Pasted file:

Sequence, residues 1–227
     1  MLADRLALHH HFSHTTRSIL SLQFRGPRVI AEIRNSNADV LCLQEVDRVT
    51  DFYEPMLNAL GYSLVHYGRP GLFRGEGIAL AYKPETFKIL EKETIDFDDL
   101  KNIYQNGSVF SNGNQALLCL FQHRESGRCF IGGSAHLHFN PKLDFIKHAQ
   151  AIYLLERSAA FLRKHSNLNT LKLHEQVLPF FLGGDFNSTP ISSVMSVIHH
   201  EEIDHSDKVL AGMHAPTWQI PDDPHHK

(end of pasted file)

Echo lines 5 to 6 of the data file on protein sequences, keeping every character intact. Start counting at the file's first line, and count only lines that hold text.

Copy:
   151  AIYLLERSAA FLRKHSNLNT LKLHEQVLPF FLGGDFNSTP ISSVMSVIHH
   201  EEIDHSDKVL AGMHAPTWQI PDDPHHK